Community Baptist Church is a loving community that welcomes everyone, and we need someone to lead us! After 17 years as pastor, Dr. Tim Hobbs retired in the spring of 2022. If you’re looking for a flock to lead, read ahead to learn more about our church.
For the time being, Dr. Chuck Summers is our interim pastor minister of pastoral care and Rev. Gary Chapman is our interim pastor.
It all began with a business meeting like most great Baptist stories do. The majority requiring a signature on a restrictive statement of belief in order to serve in leadership. The minority deciding to leave for something new.
Thus, out of the small mindedness of some, a new vision of a fellowship founded in radical love and inclusion was formed. A love that so resembled that of Jesus that there was strident opposition. Jesus was criticized for welcoming sinners and tax collectors, talking to women, and caring for the oppressed. When the Community Baptist Church built her building, vandals wrote on it before it opened “This is not a church it is a cult”.
Community Baptist Church chose the harder path of loving in the way of Jesus. A love that manifested in taking in a homeless woman with one leg in a wheelchair and providing her support and welcoming her into the congregation. A love that embraced those that the traditional religious community ostracized and condemned. The communal strength is captured in the words spoken to new members: We are all ministers here. We have a ministry to you. You have a ministry to us.
Over the 30 years of her existence, Community has been a blessing to Henderson occupying a place that other churches have chosen to ignore. Rather than looking inward, the congregation has always focused outwards. Whether it be Upward Basketball, Runway Red, the Arts Festival, Halloween Party or hosting the Boys and Girls club, the church’s facility was built and has been used as a communal center embodying more clearly the love of Christ than many churches who consider their place so sacred that others are unwelcome.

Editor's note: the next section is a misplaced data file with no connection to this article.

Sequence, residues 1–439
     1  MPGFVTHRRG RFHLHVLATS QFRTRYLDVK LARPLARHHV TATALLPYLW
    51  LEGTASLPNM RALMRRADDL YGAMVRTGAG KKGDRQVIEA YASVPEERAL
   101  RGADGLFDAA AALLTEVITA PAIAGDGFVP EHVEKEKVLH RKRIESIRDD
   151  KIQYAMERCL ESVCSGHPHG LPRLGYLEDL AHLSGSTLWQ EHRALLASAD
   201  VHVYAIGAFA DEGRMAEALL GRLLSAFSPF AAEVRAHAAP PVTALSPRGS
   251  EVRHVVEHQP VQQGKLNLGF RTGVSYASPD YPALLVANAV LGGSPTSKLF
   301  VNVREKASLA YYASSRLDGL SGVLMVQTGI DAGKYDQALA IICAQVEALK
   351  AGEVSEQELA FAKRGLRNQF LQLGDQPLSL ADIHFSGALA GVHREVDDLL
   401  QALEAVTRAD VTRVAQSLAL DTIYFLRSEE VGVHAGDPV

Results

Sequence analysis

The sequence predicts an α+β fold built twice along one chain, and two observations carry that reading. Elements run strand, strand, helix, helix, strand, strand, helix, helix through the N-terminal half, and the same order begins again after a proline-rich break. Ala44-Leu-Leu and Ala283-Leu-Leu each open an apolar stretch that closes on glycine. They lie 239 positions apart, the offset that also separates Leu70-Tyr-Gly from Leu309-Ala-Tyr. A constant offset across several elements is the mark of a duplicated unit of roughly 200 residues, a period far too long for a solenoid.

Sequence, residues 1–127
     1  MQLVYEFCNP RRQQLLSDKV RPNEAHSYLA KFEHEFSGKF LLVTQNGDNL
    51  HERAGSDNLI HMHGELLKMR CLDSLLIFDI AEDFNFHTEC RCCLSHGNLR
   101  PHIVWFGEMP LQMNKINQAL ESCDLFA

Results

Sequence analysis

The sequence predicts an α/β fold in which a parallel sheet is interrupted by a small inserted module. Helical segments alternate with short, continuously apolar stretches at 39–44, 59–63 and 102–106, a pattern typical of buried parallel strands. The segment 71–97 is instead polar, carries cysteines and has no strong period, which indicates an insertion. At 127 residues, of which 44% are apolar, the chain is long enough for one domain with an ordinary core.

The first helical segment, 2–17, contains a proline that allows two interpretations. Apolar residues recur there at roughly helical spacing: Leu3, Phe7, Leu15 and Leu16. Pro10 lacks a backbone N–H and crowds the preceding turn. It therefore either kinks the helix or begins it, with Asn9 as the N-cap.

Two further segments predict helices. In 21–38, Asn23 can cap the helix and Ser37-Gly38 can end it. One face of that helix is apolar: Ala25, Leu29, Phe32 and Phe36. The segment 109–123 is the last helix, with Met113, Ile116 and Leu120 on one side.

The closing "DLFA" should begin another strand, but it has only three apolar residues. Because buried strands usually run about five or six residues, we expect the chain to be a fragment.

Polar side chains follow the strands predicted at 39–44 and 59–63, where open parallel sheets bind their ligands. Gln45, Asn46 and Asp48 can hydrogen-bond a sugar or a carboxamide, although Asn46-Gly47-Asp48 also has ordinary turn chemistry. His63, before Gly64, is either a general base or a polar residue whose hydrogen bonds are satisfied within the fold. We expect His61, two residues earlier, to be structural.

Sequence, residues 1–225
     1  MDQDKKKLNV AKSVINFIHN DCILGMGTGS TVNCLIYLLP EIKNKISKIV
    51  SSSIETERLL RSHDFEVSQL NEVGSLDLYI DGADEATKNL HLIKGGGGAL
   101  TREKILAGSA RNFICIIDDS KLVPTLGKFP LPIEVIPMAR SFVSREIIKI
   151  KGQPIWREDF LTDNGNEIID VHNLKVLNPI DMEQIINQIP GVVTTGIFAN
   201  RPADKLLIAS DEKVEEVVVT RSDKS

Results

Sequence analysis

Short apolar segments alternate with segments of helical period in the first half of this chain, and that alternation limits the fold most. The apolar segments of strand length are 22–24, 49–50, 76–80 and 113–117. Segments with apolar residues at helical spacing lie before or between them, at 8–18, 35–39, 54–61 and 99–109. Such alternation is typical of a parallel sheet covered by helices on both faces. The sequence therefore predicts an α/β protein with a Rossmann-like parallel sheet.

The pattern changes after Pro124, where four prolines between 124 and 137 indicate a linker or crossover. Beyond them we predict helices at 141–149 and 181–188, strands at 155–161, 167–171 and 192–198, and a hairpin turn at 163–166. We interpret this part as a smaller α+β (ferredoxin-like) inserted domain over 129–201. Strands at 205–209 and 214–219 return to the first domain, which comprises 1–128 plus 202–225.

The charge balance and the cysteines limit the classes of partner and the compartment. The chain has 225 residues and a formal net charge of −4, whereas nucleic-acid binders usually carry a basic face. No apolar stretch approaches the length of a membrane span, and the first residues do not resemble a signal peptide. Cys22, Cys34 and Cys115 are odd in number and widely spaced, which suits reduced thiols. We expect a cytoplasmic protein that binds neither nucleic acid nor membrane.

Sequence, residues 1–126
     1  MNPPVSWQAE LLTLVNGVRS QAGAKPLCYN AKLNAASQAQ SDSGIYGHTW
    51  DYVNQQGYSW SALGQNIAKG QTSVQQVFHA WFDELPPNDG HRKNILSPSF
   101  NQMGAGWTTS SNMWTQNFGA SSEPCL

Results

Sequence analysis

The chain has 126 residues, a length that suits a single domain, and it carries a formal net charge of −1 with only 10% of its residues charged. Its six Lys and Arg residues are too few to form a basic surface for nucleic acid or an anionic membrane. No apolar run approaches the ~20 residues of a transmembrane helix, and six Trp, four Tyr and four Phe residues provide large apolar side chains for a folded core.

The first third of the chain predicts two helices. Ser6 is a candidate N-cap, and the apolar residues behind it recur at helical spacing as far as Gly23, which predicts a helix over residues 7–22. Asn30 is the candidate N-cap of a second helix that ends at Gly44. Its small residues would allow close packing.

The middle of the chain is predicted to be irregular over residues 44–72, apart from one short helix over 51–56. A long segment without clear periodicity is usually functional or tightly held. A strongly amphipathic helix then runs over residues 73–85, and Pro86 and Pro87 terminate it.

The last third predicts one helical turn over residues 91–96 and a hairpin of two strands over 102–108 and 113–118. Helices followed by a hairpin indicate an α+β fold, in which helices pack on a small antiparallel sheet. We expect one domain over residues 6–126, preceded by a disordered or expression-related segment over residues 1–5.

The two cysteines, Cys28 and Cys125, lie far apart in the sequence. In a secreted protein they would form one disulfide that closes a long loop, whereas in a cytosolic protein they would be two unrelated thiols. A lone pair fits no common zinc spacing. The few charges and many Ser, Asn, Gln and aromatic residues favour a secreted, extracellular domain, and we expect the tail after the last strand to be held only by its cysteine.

This ethic of love has been expressed in the leadership of its two longest serving pastors. John Dunaway who had the can-do attitude that led the church in building a building that seemed far beyond their means but met the community need for a multipurpose facility. As a gym it has been a place for fun and frivolity, but for the church it has been a place for marriages, tears, laughter, holy worship, Easter Sundays, and Christmas Eve worship. The building is a thin place
where the distance between God and the community collapses in a profound and sacred way.
John led the church with his can-do attitude. He had big ideas that were latched onto by the little group. The congregation became a place of adventure. He pulled people into his projects, and they joined them with joy.
Tim Hobbs was the kind of pastor who brought candy and cookies at Christmas and dressed in full costume for Halloween. The church expanded its role in the community with his participation on 10 local boards. He was not afraid and could be seen marching at the front of the Pride parade and working in a real way for justice through personal action. Tim will also be remembered for the construction paper chain that he brought to service symbolizing the church’s debt. He saw the continued financial commitment of the loan payment as something that imprisoned the vision of the community. Slowly week by week, month by month, year by year, the links were cut until last year with great joy the church was free of the bondage of debt.
If there is someone working for good in the community, there is the certainty that a member of Community Baptist will be there. Community members are leaders in Henderson and have a disproportionate impact on improving the local environment.
It says something important that the past two pastors retired at Community after long ministries. It is the kind of place someone comes and never wants to leave. The church continues to have charter members and their families but also has folks who have joined more recently.